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Was taking a shower and smelled some melting plastic. Turns out that the switch to the heat function of my bathroom fan was the cause of the melting smell. That one switch is part of a box that has 3 other switches and that particular switch has it's own circuit due to the heater. The other 3 switches are all grounded together using one copper wire connected to each switch but the melted switch was not grounded.

Is this what caused the switch to melt?

Will a 20A switch suffice or do I need one rated higher?

  • 1
    What's the wattage rating on the heater? Apr 28, 2019 at 4:23
  • 4
    From where it melted my guess is the screw was loose, causing a high resistance connection on a heavy load which will produce heat.
    – Tyson
    Apr 28, 2019 at 12:46
  • The install sheet says that the total load must not exceed 20A @120VAC and that the a 66V 3 function control should be used. The heater pushes out 1500 watts of fan forces heat.
    – Clarke
    Apr 28, 2019 at 13:45
  • It should be grounded though right?
    – Clarke
    Apr 28, 2019 at 13:48
  • 1
    I tend to agree with @Tyson: a loose connection is resistive and will produce heat. A 20 amp switch should handle the 1500 watt heater, and you need a good solid connection at the switch terminal. That's what I would do if it were my house.
    – buzzard51
    Apr 28, 2019 at 14:38

3 Answers 3


The switch is a goner, so you'll have to replace it

What happened here was the initial connection at that screw terminal was made improperly (mistorqued), which caused it to overheat and progressively fail further until it started smelling...melty. The good news is that you caught it soon enough that it didn't start anything serious (like a fire!). The bad news is that the switch is toast and needs to be replaced with a new decorator-style double switch, preferably one rated for 20A.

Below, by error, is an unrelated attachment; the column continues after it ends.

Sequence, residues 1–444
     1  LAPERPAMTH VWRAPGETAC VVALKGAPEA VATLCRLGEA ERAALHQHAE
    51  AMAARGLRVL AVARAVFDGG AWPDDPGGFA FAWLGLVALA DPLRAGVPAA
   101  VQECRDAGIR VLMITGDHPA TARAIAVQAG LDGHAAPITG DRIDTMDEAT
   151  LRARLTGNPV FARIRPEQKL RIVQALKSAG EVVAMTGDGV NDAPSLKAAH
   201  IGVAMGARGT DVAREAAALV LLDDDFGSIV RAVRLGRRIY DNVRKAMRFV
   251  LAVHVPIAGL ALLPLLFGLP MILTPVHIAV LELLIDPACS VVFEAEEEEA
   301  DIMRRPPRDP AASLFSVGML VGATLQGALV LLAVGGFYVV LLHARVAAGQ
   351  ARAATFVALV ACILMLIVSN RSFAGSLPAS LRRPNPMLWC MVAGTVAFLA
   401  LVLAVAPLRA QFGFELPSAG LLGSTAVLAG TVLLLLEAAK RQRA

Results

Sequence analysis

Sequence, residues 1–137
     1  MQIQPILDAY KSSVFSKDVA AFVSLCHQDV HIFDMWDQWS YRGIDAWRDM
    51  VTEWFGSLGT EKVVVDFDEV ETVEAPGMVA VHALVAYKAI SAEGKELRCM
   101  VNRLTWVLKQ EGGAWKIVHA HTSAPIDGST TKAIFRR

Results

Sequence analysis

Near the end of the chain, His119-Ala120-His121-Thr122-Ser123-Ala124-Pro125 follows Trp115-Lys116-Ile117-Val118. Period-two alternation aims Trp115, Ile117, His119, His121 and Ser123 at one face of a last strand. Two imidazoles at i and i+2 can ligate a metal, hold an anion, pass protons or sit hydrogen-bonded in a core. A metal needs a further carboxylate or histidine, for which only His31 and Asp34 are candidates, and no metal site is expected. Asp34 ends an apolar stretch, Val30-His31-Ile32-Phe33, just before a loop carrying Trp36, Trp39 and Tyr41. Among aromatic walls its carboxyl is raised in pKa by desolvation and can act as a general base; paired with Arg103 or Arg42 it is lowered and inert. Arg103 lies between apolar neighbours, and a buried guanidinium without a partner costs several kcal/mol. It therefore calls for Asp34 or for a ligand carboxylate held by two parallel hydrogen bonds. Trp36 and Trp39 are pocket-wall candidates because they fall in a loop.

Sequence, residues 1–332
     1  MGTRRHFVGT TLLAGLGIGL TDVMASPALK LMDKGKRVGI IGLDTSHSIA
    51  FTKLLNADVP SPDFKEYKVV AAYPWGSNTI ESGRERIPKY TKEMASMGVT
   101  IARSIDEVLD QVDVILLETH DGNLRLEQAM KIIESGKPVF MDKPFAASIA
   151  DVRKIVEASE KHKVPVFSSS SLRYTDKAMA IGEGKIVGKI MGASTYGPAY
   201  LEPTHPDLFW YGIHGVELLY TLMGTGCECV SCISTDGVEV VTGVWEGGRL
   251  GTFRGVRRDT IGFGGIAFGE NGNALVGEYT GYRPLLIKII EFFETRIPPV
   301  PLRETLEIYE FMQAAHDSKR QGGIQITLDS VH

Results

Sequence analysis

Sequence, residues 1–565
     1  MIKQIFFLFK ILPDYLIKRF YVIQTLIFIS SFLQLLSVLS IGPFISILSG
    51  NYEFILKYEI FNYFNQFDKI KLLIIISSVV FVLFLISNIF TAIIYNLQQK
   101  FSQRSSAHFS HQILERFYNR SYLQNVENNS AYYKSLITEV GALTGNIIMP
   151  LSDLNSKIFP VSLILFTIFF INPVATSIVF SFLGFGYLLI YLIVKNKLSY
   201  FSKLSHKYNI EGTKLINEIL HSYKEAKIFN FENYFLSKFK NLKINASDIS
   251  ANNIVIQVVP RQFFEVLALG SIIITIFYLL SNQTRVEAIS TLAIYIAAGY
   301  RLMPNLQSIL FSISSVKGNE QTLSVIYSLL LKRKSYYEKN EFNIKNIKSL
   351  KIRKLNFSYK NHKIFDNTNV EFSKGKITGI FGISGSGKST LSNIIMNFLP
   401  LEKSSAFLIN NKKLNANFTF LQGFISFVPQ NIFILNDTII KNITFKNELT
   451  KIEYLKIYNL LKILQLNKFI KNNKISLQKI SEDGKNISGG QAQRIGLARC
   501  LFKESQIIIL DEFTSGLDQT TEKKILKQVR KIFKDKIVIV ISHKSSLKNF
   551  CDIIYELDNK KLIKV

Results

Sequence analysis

When you replace it, you'll want to use a torque screwdriver that reads in inch-pounds to tighten the screws on the new switch to the specified torque (12-14 in-lbs, as per this Leviton specification, if your switch didn't come a number). You'll also need to fit a grounding pigtail to the new switch, connecting it to the existing ground wire bundle in the box.


I would go with a 20 amp rated switch, I find 15 amp outlets dammaged all the time when 1500w heaters are on the circuit and they were properly installed. it could Have been a loose connection caused the problem but, it could also be the switch contacts themself are dammaged due to the large load being turned on and off. I see milk house heaters that are designed to controll 1500w fail 4-5 times a year At my plant. It is almost always the contacts in the thermostat that have failed or gotten so hot the tip over safety arm melts off because of bad contacts. Go with a 20 amp , wrap the wire clockwise 2/3 to 3/4 around the screw and torque the screws.


If the wire is 12 Gauge and the switch is 15 amp, then definitely you have to replace with a 20 amp switch.

The proper quantity for a safe electric current handling is:

14 Gauge Wire - 15 amps

12 Gauge Wire - 20 amps

10 Gauge Wire - 30 amps

For more, go here.

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